Intro : A delegation of the Scheduled Caste Communities converted to Christianity had met the UN Secretary General Ban Ki-Moon and submitted a memorandum regarding alleged exploitation and torture by the Catholic Church and Vatican.
Recently Scheduled Caste Christian’s delegation had met the representative of the United Nations Secretary General Ban Ki-Moon and submitted a memorandum regarding alleged exploitation and torture by the Catholic Church and Vatican. The memorandum highlighted continuous discrimination by Catholic Bishop Conference of India (CBCI) on the Dalit Christians. The memorandum also pointed out that the Church is not ready to give Dalit Christians their due share in the Church structure.
Indian Church has not even imagined that it will be exposed before the International organisation so blatantly and that too by the people it claims to be a saviour. The Church has always portrayed itself as a protector of the rights of Dalits and the other deprived sections of the society in India.
It is worth mentioning here that Dalit Christians constitute 70 per cent of the total Christian population in India but they have no share in the Church-run institutions. The memorandum submitted to the Ban Ki-Moon, requested that Indian church should stop harassing Dalits and other deprived sections of society based on caste with immediate effect, and if it fails to do so, the observer status of the Vatican should be suspended.
The Christianity started in India with the arrival of St. Thomas, a disciple of Jesus Christ that became popular at Malabar Coast in India. It paved the way to firm up the roots of imperialistic powers in the region. When India became a British colony, Christian missionaries got all facilities to expand and propagate its powers. Christian missionaries succeeded in establishing their roots in the tribal dominated regions of India. The government awarded them land and other facilities generously. It has given a boost to the conversion.
Missionary schools became a tool to propagate their ideas. It allowed them to create a literate population, which is by religion, Hindu, but Christian by thinking. It even allowed them to strengthen their roots in high-class society of India.
Dalits who embraced Christianity to get rid of the humiliating caste system of Hindus, felt cheated as they found no place in the Church system. Similar discriminations they continue to face in the Church system as well. And the Church is completely responsible for their present pathetic situation. The Church has no intention to give them a respectable place. It does not want to spend their resources on their social upliftment. Mahars in Maharastra, Malas and Madigas in Andhra Pradesh, Chamars in Bihar, Santhals in Jharkhand and Lalbegi in Punjab converted to Christianity in large number. But, there is hardly any change in their social status. On the other hand, Hindu Dalits progressed a lot after getting reservation in government jobs and other institutions. They have also benefited in the era of privatisation. However Dalit Christian’s status deteriorated even after conversion.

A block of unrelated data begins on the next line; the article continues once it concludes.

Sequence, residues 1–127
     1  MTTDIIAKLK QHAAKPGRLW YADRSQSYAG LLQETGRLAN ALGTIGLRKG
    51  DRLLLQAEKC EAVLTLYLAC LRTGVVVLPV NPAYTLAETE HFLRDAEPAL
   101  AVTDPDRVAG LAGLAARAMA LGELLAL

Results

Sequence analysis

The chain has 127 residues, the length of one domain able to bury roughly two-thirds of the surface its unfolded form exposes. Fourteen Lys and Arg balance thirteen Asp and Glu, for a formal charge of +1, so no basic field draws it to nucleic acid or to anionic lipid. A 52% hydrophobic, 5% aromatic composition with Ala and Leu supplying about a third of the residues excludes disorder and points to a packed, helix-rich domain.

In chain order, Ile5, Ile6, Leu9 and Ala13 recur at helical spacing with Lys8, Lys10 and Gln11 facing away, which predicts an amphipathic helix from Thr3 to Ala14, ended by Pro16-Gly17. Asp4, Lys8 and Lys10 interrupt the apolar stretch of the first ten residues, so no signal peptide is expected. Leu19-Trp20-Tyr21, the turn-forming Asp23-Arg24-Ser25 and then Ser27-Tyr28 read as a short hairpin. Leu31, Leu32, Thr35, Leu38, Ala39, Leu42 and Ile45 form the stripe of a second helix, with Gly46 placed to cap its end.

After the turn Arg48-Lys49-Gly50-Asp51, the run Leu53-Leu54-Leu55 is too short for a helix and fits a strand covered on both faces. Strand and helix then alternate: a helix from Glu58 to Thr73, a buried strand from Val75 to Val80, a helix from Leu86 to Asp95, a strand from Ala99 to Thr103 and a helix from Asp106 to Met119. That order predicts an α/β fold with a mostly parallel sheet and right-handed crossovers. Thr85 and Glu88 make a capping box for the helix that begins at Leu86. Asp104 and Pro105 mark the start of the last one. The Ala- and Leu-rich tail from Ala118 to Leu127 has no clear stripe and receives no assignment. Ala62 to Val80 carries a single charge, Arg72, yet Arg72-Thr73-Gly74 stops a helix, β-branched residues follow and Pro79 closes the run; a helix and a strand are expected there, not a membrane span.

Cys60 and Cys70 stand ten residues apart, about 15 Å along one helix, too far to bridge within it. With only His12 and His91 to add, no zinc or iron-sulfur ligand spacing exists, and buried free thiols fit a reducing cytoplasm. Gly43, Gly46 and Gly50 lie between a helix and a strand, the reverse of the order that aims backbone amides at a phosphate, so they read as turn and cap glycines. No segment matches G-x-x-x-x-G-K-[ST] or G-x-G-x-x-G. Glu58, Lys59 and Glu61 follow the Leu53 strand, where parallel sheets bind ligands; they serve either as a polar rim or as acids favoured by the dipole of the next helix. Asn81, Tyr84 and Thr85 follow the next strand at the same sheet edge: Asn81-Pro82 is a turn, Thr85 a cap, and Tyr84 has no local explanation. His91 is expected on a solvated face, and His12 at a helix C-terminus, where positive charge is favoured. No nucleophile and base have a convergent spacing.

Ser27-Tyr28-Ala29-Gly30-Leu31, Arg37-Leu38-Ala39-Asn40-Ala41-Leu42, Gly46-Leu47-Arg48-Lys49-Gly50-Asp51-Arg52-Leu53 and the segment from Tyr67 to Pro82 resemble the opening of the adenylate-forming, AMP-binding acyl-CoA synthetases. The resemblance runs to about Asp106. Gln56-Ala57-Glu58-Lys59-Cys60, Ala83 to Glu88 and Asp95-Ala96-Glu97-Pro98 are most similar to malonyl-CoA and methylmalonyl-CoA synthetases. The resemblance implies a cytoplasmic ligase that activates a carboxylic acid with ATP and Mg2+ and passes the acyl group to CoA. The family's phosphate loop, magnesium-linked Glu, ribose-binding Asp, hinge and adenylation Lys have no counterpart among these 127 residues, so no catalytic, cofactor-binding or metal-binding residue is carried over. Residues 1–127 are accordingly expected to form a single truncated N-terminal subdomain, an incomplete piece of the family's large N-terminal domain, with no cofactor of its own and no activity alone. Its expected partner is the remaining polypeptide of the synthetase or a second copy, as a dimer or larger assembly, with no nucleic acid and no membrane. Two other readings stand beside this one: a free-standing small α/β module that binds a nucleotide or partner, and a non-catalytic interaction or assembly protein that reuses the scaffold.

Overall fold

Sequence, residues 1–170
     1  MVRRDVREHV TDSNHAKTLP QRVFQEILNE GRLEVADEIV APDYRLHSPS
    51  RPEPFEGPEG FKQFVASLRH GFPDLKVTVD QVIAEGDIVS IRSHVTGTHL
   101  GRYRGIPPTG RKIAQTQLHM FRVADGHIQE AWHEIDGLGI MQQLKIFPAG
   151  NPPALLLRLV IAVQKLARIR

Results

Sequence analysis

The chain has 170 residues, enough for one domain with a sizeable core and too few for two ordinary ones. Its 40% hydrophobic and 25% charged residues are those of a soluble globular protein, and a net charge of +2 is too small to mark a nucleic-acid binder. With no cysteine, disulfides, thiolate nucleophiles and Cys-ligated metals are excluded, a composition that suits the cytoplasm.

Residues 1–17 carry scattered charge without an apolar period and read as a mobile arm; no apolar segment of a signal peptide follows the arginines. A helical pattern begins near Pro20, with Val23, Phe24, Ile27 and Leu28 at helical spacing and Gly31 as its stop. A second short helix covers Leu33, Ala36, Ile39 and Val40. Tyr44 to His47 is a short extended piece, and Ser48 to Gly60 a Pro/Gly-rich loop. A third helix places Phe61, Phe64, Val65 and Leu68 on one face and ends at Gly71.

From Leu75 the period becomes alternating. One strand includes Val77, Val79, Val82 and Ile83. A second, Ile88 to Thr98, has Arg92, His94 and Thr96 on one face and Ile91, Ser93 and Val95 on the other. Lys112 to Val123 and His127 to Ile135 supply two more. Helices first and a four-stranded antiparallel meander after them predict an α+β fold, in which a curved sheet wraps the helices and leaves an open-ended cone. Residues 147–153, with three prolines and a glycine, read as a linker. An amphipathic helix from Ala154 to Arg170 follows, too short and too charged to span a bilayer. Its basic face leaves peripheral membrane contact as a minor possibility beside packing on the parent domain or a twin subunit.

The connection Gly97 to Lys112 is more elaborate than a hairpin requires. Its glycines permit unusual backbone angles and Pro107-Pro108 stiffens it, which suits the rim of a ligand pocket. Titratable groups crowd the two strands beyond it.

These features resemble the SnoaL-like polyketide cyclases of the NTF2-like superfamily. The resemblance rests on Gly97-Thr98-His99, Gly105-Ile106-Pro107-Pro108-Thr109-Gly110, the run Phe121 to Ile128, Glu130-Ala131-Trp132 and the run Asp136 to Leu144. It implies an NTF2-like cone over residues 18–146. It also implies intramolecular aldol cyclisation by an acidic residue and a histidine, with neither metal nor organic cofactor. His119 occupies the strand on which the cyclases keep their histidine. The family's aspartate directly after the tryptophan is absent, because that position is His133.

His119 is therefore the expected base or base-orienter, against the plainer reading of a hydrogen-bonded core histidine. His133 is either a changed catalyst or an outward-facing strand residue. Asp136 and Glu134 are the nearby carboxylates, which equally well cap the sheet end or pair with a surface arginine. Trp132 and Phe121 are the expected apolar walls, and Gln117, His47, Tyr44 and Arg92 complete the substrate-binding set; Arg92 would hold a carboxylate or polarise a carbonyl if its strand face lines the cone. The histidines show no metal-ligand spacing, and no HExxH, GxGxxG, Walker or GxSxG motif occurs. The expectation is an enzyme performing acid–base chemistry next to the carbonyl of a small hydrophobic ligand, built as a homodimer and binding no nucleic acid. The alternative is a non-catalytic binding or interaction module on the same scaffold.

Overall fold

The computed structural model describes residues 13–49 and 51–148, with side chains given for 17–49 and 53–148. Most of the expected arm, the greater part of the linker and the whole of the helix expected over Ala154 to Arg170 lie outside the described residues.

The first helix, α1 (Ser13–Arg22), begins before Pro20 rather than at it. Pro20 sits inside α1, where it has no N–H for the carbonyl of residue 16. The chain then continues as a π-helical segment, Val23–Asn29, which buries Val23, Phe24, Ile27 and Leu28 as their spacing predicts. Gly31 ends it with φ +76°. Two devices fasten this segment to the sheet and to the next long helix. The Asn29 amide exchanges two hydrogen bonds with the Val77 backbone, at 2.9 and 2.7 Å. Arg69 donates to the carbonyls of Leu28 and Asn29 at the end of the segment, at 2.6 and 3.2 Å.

The Church has immense resources in India with the biggest land bank after the Government of India. But, there is no monitoring authority. If Hindu temples are regulated by Devasthanam Act, Muslims’ by the Waqf Board and Sikhs’ by SGPC, then why should not there be a monitoring authority for church as well? According to a Kerala High Court judgement, the Vatican can only be a caretaker of the Church property by the Canon Law and this property should be used only for welfare of Christian communities. So, why does Church not spend this amount on the welfare of poor Christians? It has always abdicated from its responsibility.
The Catholic Church runs 480 colleges, 63 medical colleges, 9,500 secondary schools, 4,000 high-schools, 14,000 primary schools, 7,500 nursery schools, 500 training schools and 260 professional institutes. If protestants-run institutions are added, the number will reach to 50,000. How many Dalit Christians out of the figure stated above are Deans or Principals of these institutions? How many Dalits are doctors? And, how many of them are at the top positions/ranks in the Church-run social organisations? As far as Dalit Christians’ representations in Churches are concerned, it is inexplicable. There is no Dalit cardinal in India, however out of 175 Bishops; there are only 9 Dalit Bishops. There are 1,122 Dalit priests out of total 25,000.
RL Francis (The writer is president of Poor Christian Liberation Movement) (August 9, 2015, Page 25)